F-Bombs over Charlotte  

fullsizeoutput_e1a“I can’t believe you’re changing planes in Charlotte.”

That was the last thing my wife said to me as I packed my car to head for the airport. She had spent a very frustrating evening in said airport while the rest of the family celebrated our son’s graduation from college. But that was 20 years ago.

As it turns out, some things don’t change.

A mid-afternoon hailstorm had closed Charlotte’s airport for two hours. So, my 10 p.m. flight to Fort Lauderdale was delayed two hours – just like everyone else’s. My fellow passengers and I settled in for an uncomfortable wait, trusting that the chaos would dissolve into some semblance of order.

If only…

We sat glumly as the posted departure time deteriorated from 12:10 a.m. to 12:20 a.m. to 12:45 a.m. to 1:15 a.m. and so on. If you’ve been through this (and who hasn’t?), you know what’s most frustrating is that the airline staff rarely tells you what’s going on.

Around 1 a.m., an overhead announcement let us know that a limited supply of cots was available on Concourse D. It’s fair to assume that most of us were contemplating that our flight might be cancelled. But, the announcement put us on notice and brought the subject into the open. Our petty grumbling was evolving into a mob mentality.

About that time, the gate agent gave us an update on our flight. The plane was ready and the crew was aboard. But, we couldn’t depart because the crew didn’t have a place to sleep at our destination.

WHAT? We were expected to sleep at the airport because someone had failed to find the crew rooms at the Ramada?

People were on their feet. Some were yelling and cursing. Others tried but failed to remain calm. One passenger offered room and board at their house, promising that each crew member would have a private room and would awaken to an ocean view.

No dice.

About that time, a supervisor grabbed the microphone and informed us sneeringly that it was “illegal” for the flight to take off until rooms were arranged and they were “working on it”.

It wasn’t what she said so much as how she said it that set us off. In a reprise of my wife’s experience two decades ago, she showed no empathy. Her tone was condescending and her manner impatient.

Wanting to be heard above the mass of screaming in which many were now engaged, a young woman – about six feet tall and stylishly dressed – jumped up onto a chair and unleashed a string of foul language that nearly made this ex-sailor blush. She ended it with an unkind description of the supervisor’s derriere so colorful and accurate that a few in the crowd let out a guffaw.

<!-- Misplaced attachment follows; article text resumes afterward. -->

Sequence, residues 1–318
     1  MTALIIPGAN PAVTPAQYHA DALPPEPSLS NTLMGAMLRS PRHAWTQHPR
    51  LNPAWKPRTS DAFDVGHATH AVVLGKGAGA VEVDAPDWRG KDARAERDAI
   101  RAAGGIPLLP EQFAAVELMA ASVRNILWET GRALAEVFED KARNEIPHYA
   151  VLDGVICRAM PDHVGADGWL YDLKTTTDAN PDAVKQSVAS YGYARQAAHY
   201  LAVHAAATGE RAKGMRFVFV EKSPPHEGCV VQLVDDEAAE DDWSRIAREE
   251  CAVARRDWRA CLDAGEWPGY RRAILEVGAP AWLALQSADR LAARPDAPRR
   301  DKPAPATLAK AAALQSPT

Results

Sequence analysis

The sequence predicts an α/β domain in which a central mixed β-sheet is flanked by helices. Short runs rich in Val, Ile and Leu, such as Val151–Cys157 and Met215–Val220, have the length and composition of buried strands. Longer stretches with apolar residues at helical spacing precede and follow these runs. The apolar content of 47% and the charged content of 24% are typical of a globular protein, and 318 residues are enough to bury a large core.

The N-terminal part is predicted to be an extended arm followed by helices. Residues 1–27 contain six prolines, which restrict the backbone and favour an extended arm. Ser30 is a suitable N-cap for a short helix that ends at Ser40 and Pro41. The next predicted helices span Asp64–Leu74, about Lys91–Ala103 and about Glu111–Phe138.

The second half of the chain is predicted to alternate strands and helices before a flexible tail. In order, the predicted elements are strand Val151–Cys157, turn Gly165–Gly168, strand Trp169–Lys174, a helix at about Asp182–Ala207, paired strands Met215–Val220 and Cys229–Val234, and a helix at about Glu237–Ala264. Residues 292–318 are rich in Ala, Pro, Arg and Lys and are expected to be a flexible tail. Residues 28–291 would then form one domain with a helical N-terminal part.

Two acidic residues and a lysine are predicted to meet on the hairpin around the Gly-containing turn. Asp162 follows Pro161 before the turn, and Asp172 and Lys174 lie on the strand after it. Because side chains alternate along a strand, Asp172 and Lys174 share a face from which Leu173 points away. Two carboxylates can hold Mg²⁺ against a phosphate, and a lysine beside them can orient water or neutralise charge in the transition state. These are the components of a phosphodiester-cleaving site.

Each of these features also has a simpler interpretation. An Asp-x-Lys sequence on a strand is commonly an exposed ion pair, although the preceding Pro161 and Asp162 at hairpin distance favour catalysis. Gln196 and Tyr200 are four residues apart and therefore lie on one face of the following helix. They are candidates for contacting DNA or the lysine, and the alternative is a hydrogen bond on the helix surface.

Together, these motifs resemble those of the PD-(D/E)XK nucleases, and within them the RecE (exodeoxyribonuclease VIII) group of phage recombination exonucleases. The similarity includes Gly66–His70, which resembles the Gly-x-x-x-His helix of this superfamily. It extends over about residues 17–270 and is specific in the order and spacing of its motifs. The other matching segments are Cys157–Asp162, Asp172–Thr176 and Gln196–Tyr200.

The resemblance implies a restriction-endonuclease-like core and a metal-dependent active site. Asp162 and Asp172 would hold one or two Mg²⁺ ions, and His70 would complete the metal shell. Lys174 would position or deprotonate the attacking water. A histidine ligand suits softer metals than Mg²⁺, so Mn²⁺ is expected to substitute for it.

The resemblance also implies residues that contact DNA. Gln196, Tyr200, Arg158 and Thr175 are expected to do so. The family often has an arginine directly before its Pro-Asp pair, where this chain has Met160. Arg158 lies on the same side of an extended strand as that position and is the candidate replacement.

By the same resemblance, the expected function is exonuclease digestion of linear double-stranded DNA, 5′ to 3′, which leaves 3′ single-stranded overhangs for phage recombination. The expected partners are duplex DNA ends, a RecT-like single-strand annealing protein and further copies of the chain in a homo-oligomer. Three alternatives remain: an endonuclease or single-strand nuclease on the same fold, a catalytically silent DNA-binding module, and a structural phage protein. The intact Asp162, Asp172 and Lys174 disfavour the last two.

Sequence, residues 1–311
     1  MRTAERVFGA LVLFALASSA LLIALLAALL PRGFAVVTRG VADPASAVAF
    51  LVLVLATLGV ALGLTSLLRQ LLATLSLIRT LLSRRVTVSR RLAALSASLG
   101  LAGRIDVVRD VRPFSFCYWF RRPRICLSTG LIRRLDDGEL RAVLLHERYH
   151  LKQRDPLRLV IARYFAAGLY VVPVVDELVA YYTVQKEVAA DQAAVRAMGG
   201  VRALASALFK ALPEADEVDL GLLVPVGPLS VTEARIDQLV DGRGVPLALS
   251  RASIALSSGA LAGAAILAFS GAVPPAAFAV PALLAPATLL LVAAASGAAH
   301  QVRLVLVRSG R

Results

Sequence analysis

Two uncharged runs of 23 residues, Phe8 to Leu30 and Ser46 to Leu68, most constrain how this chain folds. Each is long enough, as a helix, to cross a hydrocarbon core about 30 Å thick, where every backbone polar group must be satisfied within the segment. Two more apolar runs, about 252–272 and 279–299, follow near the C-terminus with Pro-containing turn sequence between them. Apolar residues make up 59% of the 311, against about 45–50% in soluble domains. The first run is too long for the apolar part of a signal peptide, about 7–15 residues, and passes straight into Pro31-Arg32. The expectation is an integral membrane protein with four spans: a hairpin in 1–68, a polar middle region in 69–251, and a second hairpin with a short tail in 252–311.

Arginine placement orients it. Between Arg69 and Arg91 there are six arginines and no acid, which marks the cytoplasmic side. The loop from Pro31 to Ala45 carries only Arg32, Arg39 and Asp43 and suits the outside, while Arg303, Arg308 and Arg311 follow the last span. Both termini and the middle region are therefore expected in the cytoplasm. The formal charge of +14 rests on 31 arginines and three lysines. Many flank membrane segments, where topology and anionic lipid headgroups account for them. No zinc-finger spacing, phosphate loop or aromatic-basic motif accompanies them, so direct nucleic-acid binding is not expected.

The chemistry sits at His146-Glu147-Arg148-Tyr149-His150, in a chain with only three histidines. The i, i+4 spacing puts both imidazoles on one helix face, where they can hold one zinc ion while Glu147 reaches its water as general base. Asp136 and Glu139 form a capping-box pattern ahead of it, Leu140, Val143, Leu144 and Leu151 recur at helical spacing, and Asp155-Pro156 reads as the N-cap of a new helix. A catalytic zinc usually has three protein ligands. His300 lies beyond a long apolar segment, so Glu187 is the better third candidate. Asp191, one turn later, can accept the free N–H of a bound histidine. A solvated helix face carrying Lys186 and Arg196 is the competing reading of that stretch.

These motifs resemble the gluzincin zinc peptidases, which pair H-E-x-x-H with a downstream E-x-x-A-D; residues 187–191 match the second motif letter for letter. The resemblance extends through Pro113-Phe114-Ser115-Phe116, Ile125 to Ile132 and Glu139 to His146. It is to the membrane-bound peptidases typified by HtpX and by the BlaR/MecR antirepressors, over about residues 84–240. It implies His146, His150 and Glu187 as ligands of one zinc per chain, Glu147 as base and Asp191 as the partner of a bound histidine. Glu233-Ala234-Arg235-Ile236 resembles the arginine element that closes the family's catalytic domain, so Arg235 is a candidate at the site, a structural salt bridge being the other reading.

The supervisor stomped off and disappeared down the concourse, her destination unknown to us.

Empowerment was a popular business buzzword during the 80’s and 90’s. A colleague (and still a good friend) defined it simply. An employee is empowered when he or she:

  • Knows how to…
  • Is allowed to… and
  • Wants to

It’s a very elegant definition. Concise and easily understood, the first element is about training, the second authority and the last motivation.

It must be a difficult model to follow in the airline industry. An employee should not be allowed to violate FAA regulations. And, they certainly must be required to follow guidelines set by their employers. They are not allowed to make changes to accommodate their customers. In this case, how could they?

Still, something beyond my being inconvenienced bothered me.

When Ms. Derriere returned she brought three plus-sized policemen with her. Recognizing that no one threatened violence, they wisely kept their distance and maintained a low profile.

We finally got off the ground at 3 a.m. and I got to bed around the time I normally arise.

The next day, I figured out what was bothering me. If I had an experience similar to that of my wife in the same airport with the same airline (American Airlines has since acquired US Airways) two decades ago, there is something wrong with the corporate culture that no one has bothered to address. It goes to the core of empowerment. A great training program has little effect if employees don’t have the authority to help their customers. How could they be motivated (want) to do their jobs well?

I am left to wonder how American’s CEO would feel if couldn’t go to work without the police to protect him from his customers.